The Carbon Loophole in Climate Policy: Quantifying the Embodied Carbon in Traded Products
The carbon loophole refers to the embodied greenhouse gas emissions associated with production of goods that are ultimately traded across countries. These emissions are a growing issue for global efforts to decarbonize the world economy. Embodied emissions in trade are not accounted for in current greenhouse gas accounting systems. If they were, many promising climate trends would be negated or reversed. For example, many achievements of reducing emissions by developed countries under the Kyoto Protocol would actually appear as emissions outsourced to developing countries. This report aims to provide a newly updated analysis of the carbon loophole, also known as imported consumption-based or embodied emissions, at the global level.
How Clean is the U.S. Steel Industry? (2019)
Steel produced in the United States is among the cleanest in the world when it comes to carbon emissions, but the U.S. still imports large amounts of steel from countries with higher carbon intensity, according to a November 2019 study commissions by the BlueGreen Alliance. The study found that the U.S. ranks fourth worldwide—just after Italy, Spain, and Turkey—in producing the cleanest, lowest-carbon steel.
The report also found the globally, the iron and steel industry account for 25% of greenhouse gas emissions in the industrial sector, or over 6% of global GHG emissions. Additionally, energy use and GHG emissions from iron and steel is likely to continue increasing because demand for steel is growing faster than efforts to reduce emissions.
Aluminum Climate Impact An International Benchmarking of Energy and CO2 Intensities
Aluminum production accounts for 2 percent of global carbon dioxide (CO2) emissions. World aluminum production has more than doubled between 2000 and 2020. Much of this growth in production came from China, which accounted for 57 percent of global aluminum production in 2020. The energy use and greenhouse gas (GHG) emissions of the aluminum industry are likely to continue increasing because the increased demand for aluminum, particularly in developing countries, is outpacing the incremental decreases in energy and CO2 emissions intensity of aluminum production that are happening under the current policy and technology regime.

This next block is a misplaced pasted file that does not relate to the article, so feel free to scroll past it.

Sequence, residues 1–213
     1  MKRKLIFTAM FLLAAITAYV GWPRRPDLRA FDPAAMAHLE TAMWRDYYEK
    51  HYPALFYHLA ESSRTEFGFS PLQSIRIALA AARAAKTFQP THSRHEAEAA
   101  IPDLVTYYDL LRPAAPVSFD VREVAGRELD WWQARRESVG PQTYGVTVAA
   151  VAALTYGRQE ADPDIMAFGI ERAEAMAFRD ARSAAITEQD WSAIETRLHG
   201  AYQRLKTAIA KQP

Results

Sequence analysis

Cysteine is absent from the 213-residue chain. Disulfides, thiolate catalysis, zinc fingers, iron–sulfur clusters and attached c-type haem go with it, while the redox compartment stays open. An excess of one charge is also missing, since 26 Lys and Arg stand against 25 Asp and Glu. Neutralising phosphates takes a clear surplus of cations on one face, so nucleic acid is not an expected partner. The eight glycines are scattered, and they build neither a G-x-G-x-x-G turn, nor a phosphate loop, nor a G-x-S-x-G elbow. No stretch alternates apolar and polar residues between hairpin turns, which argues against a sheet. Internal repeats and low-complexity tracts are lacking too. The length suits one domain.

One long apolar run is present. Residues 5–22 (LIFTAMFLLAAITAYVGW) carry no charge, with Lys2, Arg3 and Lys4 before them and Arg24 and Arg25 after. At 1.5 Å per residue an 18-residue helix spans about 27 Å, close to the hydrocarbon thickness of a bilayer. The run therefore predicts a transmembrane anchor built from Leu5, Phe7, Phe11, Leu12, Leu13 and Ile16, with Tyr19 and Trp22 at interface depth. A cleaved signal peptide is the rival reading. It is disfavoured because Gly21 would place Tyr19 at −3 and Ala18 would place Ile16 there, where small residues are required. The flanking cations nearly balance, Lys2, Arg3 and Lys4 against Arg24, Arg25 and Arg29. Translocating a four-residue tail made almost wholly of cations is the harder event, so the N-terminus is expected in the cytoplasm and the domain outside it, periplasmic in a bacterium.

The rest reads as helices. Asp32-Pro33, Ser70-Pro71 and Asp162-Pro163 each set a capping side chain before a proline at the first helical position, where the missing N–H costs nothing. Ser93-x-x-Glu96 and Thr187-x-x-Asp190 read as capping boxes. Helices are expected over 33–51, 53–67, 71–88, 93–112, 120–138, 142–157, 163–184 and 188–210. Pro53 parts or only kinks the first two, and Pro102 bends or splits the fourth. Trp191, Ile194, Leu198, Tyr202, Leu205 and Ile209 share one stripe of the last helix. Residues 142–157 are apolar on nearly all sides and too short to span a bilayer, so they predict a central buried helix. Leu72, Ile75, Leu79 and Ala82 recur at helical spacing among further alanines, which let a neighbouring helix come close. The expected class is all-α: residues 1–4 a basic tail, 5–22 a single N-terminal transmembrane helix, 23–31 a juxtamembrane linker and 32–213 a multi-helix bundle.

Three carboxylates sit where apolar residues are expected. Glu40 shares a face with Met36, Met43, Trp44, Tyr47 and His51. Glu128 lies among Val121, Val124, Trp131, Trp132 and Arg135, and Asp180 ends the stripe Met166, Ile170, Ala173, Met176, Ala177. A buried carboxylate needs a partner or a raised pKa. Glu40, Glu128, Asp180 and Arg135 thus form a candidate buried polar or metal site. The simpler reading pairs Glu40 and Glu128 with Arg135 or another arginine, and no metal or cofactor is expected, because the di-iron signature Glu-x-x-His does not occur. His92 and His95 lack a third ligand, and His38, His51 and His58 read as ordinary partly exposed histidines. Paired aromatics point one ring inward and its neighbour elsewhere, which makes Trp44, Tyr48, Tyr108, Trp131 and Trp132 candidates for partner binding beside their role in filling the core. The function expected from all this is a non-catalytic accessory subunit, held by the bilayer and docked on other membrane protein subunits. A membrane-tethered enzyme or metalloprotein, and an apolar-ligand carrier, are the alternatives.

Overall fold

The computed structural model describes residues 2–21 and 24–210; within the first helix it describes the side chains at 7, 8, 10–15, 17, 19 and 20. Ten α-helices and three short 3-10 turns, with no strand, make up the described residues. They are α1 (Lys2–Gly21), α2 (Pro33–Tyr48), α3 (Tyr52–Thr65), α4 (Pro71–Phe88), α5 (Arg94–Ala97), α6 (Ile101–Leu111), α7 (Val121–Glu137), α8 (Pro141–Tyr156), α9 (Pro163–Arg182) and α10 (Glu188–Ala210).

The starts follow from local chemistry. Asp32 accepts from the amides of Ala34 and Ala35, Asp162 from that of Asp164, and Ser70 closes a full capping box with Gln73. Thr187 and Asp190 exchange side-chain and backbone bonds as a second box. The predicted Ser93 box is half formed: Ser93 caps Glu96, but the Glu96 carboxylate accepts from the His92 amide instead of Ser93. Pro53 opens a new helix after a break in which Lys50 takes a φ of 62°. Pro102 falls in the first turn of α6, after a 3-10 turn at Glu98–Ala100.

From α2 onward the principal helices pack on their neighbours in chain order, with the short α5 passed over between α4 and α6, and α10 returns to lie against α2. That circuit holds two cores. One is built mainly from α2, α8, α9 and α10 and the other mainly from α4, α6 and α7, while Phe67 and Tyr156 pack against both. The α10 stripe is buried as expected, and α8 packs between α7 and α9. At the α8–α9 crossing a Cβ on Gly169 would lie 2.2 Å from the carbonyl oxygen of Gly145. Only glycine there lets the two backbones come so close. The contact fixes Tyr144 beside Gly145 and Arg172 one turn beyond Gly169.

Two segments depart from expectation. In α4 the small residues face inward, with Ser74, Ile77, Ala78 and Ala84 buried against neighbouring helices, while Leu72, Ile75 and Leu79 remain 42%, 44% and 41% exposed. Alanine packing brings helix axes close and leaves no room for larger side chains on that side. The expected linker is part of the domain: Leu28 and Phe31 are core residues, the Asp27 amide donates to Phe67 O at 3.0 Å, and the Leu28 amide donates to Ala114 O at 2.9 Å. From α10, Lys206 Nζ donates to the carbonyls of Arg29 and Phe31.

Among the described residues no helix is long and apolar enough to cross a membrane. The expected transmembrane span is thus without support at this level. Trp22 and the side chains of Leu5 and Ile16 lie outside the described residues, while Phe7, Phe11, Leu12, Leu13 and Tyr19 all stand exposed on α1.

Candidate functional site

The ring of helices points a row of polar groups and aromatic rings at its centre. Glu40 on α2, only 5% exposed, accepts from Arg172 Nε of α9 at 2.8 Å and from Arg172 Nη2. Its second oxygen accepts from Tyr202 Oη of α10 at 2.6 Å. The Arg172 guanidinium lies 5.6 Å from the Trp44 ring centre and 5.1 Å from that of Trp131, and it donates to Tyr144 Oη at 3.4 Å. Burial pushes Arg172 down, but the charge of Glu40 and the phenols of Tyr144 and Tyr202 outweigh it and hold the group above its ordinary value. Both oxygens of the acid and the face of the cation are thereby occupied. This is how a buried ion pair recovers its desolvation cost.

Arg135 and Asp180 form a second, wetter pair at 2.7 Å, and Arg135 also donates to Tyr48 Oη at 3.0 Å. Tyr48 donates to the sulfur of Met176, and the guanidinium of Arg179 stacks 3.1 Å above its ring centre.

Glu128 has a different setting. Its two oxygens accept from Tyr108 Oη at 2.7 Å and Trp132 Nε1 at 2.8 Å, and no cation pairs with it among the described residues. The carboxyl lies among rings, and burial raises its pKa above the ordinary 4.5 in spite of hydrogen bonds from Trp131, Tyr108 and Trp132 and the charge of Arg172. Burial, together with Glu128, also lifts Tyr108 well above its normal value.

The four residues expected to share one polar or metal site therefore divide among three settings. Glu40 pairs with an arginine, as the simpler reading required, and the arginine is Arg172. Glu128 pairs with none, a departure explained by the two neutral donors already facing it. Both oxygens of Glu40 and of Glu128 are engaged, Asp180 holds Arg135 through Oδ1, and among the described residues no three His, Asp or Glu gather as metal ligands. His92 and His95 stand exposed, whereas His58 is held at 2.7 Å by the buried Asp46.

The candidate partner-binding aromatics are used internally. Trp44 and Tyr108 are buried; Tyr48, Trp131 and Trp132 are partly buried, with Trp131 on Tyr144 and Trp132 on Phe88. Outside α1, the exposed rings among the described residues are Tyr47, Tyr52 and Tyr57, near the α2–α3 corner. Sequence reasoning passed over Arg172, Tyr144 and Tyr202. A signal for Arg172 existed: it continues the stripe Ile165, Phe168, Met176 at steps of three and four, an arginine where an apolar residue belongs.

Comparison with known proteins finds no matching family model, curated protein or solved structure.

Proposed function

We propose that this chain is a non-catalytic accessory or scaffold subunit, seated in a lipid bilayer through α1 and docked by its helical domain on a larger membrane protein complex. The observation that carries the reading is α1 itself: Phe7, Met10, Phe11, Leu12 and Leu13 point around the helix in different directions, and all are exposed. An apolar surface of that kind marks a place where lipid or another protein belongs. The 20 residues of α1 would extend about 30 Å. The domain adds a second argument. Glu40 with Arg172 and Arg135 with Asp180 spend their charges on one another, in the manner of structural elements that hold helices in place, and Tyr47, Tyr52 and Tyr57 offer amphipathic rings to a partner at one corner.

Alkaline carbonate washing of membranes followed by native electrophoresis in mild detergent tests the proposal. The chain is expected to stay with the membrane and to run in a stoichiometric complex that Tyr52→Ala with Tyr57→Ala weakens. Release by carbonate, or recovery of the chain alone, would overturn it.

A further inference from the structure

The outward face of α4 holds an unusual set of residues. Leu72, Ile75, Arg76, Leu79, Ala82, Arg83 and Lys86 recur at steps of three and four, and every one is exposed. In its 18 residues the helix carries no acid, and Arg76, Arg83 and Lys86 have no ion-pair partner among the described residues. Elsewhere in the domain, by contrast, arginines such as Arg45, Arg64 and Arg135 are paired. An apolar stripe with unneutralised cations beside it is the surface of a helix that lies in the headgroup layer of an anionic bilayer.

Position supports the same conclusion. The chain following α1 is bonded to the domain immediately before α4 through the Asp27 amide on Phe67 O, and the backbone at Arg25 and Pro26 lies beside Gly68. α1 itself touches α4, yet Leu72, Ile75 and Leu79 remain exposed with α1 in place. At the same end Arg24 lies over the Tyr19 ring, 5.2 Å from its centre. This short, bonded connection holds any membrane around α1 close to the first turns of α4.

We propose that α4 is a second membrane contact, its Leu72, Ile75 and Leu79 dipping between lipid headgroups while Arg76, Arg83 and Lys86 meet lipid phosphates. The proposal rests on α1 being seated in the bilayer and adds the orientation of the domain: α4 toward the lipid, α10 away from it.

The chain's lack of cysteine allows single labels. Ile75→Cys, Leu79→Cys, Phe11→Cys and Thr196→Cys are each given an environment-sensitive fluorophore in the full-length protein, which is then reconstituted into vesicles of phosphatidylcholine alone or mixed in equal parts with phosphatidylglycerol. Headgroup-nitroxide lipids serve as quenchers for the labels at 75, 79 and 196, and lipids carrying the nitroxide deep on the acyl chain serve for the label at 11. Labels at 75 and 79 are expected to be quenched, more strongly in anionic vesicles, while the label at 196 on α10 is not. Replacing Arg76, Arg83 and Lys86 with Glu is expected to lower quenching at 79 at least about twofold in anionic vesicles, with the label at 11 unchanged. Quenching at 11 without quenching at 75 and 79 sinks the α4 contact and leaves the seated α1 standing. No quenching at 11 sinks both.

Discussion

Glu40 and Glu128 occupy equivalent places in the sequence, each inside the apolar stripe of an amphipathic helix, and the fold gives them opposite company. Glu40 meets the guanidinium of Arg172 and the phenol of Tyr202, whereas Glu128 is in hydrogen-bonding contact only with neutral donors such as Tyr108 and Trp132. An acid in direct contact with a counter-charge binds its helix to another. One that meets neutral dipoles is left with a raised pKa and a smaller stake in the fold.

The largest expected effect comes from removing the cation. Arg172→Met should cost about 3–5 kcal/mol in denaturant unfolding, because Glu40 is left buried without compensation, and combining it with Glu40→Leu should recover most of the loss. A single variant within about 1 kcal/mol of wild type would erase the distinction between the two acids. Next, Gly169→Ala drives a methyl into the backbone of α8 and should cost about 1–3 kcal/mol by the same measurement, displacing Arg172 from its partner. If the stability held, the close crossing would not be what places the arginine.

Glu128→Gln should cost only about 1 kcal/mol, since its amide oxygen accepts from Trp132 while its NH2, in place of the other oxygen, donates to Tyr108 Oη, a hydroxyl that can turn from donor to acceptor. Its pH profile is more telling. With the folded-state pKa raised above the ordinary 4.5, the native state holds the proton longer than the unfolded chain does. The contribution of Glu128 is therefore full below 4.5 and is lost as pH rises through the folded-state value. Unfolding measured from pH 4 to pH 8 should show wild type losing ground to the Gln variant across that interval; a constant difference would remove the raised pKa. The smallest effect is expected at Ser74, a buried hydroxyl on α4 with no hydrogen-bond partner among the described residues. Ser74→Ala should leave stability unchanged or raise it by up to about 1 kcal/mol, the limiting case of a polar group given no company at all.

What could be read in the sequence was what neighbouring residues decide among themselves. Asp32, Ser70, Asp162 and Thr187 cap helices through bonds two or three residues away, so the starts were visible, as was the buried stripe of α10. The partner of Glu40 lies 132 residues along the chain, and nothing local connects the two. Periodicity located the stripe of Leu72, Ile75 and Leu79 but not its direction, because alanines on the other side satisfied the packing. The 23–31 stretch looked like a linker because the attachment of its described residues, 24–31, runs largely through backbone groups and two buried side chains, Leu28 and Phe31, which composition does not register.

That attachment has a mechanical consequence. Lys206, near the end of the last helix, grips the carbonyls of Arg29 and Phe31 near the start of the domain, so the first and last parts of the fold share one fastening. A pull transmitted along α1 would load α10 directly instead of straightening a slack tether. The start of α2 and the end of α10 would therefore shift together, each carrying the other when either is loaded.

Buy Clean on the Federal Stage – From Concept to Reality
On December 8, 2021, President Biden released Executive Order 14057 (EO), “Catalyzing Clean Energy Industries and Jobs Through Federal Sustainability,” and the accompanying Federal Sustainability Plan, officially launching the first-ever national Buy Clean program. In his EO, President Biden outlined pathways for the federal government to use its scale and procurement power to help achieve net-zero emissions economy-wide by no later than 2050. Buy Clean policy is included in this strategy for the first time ever in federal procurement.
Manufacturing Agenda: A National Blueprint for Clean Technology Manufacturing Leadership and Industrial Transformation
The BlueGreen Alliance’s manufacturing agenda proposes a set of national actions to achieve global leadership across clean technology manufacturing; cut emissions from the production of essential materials; upgrade and modernize the entirety of the U.S. industrial base within three decades; and undertake a new generation of industrial development that rebuilds good American jobs and is clean, safe, and fair for workers and communities alike.
President Biden Adopts Historic Whole of Government Approach to Climate Action
President Joe Biden will sign today executive orders aimed at adopting a historic “whole of government” approach to addressing the climate crisis at the scale and scope demanded by science with solutions centered on achieving economic and environmental justice and quality, union job creation.